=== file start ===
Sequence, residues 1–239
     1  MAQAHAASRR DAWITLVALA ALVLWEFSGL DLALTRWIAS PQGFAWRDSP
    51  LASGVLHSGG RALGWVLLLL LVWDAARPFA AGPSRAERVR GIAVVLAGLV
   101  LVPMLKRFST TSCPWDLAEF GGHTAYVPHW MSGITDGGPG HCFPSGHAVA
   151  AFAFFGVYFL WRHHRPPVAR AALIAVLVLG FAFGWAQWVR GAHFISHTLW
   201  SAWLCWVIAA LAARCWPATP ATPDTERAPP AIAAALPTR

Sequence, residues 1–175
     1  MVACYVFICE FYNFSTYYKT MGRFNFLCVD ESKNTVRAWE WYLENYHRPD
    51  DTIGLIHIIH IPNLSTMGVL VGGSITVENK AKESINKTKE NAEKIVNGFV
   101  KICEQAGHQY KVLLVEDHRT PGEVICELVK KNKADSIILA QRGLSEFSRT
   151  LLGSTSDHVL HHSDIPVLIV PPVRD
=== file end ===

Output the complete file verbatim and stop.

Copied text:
Sequence, residues 1–239
     1  MAQAHAASRR DAWITLVALA ALVLWEFSGL DLALTRWIAS PQGFAWRDSP
    51  LASGVLHSGG RALGWVLLLL LVWDAARPFA AGPSRAERVR GIAVVLAGLV
   101  LVPMLKRFST TSCPWDLAEF GGHTAYVPHW MSGITDGGPG HCFPSGHAVA
   151  AFAFFGVYFL WRHHRPPVAR AALIAVLVLG FAFGWAQWVR GAHFISHTLW
   201  SAWLCWVIAA LAARCWPATP ATPDTERAPP AIAAALPTR

Sequence, residues 1–175
     1  MVACYVFICE FYNFSTYYKT MGRFNFLCVD ESKNTVRAWE WYLENYHRPD
    51  DTIGLIHIIH IPNLSTMGVL VGGSITVENK AKESINKTKE NAEKIVNGFV
   101  KICEQAGHQY KVLLVEDHRT PGEVICELVK KNKADSIILA QRGLSEFSRT
   151  LLGSTSDHVL HHSDIPVLIV PPVRD